Maryland's District Courts are putting a freeze on about 900 debt-collection lawsuits after the local company that filed them tried and failed to get a license.
Sunshine Financial Group, a Catonsville-based firm that buys consumer debts and collects primarily by suing, was turned down for a collection agency license this month by the state Department of Labor, Licensing and Regulation.
The agency said the company filed affidavits in court cases that "misled and deceived both consumer defendants and the courts" about key issues, from the amount of the debt owed to whether the company could prove it had the right to collect.
District Court Chief Judge Ben C. Clyburn ordered the courts Wednesday to put a stay on all the company's pending cases until further notice, preventing further action — such as judgments being entered against consumers. Notices will be sent to defendants.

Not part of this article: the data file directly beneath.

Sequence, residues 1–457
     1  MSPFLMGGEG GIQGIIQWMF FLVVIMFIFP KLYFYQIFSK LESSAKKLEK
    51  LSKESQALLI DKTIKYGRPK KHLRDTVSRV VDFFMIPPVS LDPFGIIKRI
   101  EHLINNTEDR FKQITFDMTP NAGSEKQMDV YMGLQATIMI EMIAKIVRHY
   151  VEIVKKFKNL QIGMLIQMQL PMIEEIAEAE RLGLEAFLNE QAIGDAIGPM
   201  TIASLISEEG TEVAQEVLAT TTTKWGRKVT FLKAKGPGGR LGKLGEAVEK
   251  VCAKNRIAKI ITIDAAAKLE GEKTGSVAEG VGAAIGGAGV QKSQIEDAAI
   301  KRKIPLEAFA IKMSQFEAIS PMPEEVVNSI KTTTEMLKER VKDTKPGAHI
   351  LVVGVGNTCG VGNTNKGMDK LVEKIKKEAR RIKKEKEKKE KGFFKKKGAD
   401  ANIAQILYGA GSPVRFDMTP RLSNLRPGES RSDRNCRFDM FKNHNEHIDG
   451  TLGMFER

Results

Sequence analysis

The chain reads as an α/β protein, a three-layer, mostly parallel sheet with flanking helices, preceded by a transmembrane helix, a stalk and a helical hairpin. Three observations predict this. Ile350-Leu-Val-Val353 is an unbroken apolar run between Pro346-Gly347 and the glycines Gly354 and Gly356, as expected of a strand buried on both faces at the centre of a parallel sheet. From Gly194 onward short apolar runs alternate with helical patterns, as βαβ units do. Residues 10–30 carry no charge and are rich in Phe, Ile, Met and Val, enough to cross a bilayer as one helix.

The cases could ultimately be dismissed.
The company's owner, J. Scott Morse, can appeal the state's license decision. Otherwise, it becomes final. He declined to comment.
At least some active debt buyers have filed lawsuits against Maryland consumers without getting a collection agency license, prompting the state to issue a warning last year that a license was required for such litigation.
Debt buyers typically purchase older, charged-off credit card accounts and other debts and try to collect, frequently through small claims court. Hundreds of thousands of such debt-collection cases have been filed in Maryland's small claims courts in recent years.
Wednesday's freeze on Sunshine Financial's cases comes after massive dismissals of debt suits in the past year and a half.
Last year, Clyburn dismissed more than 27,000 Maryland cases handled by Mann Bracken after the Rockville debt-collection law firm collapsed. In March, debt buyer Midland Funding agreed to drop just over 10,000 cases against Maryland consumers to settle a class-action lawsuit, though it admitted no wrongdoing.
twitter.com/realestatewonkCopyright © 2015, The Baltimore Sun